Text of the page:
1. Fostering independence

Teaching our children how to manage their own schedule during exams is the best skill you can give them. Allow them to try their own way. And the younger they are the better. In the beginning, you can let them work off their exam timetable and set a plan for a day. Go through the plan with them, let them try it for a day and then help them to access how well their plan is working by how confident they feel about it. Allow them to not get it right the first time by not judging them.  When they learn by their own feeling of dissatisfaction, the learning is more impactful than when we are telling them. Encourage them to notice when they lose concentration and how often they need to take breaks. When they make their own plans and start to listen to themselves it builds their confidence and sense of control. This results in more effective learning.

What about the conversation in OUR heads:

What if they fail? What if they mess around? They are too young – we need to hold them accountable

2. Holding them accountable

When they are setting their own plans they need to be held accountable. Set up an agreement frame with them about what the consequences are if they do not follow through. Always follow through on consequences! Our focus in communication needs to be on developing their ability to set plans and push through. Ask them questions: What stopped you? What can you do next time? How does this feel, really?

When we allow them to make mistakes when they are younger and rectify them, it develops their self-management. This is uncomfortable for us as parents in the moment because often we are results driven. It is also often easier for us to just manage it for them but in the long run, developing their self-management is more beneficial. Not only does it develop confidence in them, but do you really want to be managing their schedules when they are teenagers? Start early when the stakes aren’t as high.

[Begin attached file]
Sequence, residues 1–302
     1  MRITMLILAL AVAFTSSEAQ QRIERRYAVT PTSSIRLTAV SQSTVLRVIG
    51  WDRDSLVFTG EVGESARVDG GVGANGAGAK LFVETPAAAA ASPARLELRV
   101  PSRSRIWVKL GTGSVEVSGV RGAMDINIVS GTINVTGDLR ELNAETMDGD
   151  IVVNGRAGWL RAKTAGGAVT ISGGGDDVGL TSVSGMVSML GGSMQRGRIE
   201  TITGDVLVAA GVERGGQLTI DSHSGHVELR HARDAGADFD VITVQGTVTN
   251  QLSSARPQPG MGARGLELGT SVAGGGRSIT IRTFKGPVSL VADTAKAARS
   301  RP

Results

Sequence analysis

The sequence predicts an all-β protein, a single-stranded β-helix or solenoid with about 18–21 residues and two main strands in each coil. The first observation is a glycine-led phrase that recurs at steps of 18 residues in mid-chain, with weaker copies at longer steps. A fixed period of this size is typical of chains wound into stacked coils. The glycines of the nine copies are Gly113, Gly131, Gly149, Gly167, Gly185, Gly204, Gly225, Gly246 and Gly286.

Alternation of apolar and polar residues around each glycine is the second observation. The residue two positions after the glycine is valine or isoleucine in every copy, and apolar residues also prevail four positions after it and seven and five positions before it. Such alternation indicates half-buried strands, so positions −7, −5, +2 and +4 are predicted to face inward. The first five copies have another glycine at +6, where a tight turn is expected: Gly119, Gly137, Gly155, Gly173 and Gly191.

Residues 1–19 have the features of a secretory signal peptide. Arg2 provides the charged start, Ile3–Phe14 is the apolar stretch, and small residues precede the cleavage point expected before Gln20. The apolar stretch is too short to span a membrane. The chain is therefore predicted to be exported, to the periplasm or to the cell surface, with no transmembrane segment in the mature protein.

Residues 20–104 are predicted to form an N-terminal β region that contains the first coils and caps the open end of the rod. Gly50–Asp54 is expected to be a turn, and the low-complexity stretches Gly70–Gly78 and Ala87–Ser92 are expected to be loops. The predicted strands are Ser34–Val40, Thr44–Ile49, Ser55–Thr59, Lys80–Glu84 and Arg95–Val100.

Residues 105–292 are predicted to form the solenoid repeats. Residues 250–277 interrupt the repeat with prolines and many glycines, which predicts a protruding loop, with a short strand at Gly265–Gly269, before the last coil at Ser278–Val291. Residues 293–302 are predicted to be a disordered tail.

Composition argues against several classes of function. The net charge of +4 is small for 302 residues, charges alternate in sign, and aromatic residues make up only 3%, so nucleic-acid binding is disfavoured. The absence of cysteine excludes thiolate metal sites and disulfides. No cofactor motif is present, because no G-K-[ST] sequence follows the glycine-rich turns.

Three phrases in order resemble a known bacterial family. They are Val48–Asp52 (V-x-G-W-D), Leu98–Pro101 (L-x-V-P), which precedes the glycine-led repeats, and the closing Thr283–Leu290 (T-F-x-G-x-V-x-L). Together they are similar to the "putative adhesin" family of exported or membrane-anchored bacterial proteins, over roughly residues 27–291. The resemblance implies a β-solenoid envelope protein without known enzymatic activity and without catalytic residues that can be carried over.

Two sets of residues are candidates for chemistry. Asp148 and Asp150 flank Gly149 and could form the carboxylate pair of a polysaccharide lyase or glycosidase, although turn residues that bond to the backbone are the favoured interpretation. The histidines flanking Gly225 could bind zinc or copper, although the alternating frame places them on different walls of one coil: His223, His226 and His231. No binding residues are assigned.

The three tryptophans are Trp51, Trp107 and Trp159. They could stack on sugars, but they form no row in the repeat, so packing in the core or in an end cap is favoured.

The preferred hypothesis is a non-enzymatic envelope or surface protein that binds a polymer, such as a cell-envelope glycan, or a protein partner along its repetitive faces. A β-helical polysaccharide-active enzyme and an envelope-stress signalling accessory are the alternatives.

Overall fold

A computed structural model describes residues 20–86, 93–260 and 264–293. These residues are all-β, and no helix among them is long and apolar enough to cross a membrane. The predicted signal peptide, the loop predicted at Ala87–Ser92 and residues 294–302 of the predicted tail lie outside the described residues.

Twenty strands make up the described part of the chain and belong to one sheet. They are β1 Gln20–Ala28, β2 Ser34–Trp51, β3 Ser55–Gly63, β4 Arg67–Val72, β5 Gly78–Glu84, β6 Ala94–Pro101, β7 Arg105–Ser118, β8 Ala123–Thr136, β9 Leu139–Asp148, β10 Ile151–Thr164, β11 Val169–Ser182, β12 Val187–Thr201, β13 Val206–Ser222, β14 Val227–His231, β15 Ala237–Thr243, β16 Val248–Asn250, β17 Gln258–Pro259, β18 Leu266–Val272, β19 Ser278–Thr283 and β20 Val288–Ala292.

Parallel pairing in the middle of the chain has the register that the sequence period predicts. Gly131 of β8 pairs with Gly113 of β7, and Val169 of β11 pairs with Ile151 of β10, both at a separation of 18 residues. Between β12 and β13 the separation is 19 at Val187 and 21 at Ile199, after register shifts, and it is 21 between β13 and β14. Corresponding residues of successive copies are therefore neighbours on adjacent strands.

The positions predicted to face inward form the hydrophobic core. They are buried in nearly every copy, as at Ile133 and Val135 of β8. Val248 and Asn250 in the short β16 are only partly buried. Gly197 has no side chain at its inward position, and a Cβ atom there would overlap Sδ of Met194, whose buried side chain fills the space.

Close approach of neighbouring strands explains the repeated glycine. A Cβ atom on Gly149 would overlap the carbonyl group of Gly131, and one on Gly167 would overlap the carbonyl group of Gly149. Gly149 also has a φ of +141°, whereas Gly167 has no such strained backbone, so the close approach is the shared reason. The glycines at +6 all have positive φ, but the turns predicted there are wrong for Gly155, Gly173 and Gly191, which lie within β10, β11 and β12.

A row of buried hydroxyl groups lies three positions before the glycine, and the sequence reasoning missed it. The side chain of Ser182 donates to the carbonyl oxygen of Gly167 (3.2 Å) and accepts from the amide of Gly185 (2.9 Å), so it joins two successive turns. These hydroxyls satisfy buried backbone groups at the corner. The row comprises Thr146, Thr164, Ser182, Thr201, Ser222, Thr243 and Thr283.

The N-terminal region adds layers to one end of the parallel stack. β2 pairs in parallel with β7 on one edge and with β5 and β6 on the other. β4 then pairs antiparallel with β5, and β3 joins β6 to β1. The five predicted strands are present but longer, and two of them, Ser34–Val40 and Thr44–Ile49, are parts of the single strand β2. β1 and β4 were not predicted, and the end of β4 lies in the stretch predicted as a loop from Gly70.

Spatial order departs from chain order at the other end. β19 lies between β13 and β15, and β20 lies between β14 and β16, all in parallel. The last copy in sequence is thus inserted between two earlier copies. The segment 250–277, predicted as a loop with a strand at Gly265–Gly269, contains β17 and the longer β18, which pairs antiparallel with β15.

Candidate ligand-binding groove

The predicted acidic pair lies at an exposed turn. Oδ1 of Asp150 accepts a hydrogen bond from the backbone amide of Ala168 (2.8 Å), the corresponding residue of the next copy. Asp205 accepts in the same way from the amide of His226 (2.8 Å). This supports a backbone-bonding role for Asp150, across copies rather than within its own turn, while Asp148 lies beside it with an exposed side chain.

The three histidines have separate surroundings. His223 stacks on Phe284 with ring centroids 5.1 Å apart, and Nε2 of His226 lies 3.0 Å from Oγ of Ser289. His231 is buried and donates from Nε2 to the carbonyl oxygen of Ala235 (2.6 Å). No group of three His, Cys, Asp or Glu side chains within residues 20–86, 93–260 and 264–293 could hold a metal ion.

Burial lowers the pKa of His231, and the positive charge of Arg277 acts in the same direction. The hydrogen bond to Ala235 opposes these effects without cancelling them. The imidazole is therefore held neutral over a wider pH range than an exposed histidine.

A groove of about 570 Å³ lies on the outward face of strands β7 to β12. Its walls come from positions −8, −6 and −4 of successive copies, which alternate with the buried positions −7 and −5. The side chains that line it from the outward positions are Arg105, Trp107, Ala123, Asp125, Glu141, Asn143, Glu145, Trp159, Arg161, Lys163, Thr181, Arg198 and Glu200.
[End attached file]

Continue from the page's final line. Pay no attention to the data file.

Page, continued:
What stops us from holding them accountable?

Taking care of ourselves is the most important part of parenting. When we are tired and stressed, that is often the time we do not follow through. The best support you can give your child is to take care of your own emotional state so that it does not impact the way you interact with them during exam times

3. Showing that you believe in them

Do you believe in them? When we believe in our children it provides them with a sense of safety and a foundation for them to step up and try. Do they have to get it right every time for you to believe in them? If we measure our belief in them based on their intent rather than their result this gives them the opportunity to start developing their belief in themselves. Even if they have messed up in the past, always give them another opportunity to try. (Just ensure boundaries are in place and followed through)

4. Connect with your child

Take time to connect with your child during exams. It is easy to get caught up in just talking about exams and schedules and what has to happen that we forget to truly connect. It can be quick and simple. Give them a hug, tell them you love them, look into their eyes and acknowledge that everything will be ok. Ask them what they need to feel supported as long as it is not taking responsibility for their learning and planning

Exam time is a good opportunity to develop your child’s character. When your child is an adult the marks he achieved in primary school is far less important than his ability to believe in himself and push through discomfort to achieve what he wants. That is where our focus needs to be as we facilitate them through their exams.

It is not always easy to implement these ideas. That is where I can support you. What do you struggle with most during exam time? Contact me, I can help. Even if you have a small niggle, addressing it sooner can avoid a big problem later.

Contact Gail to book a coaching session

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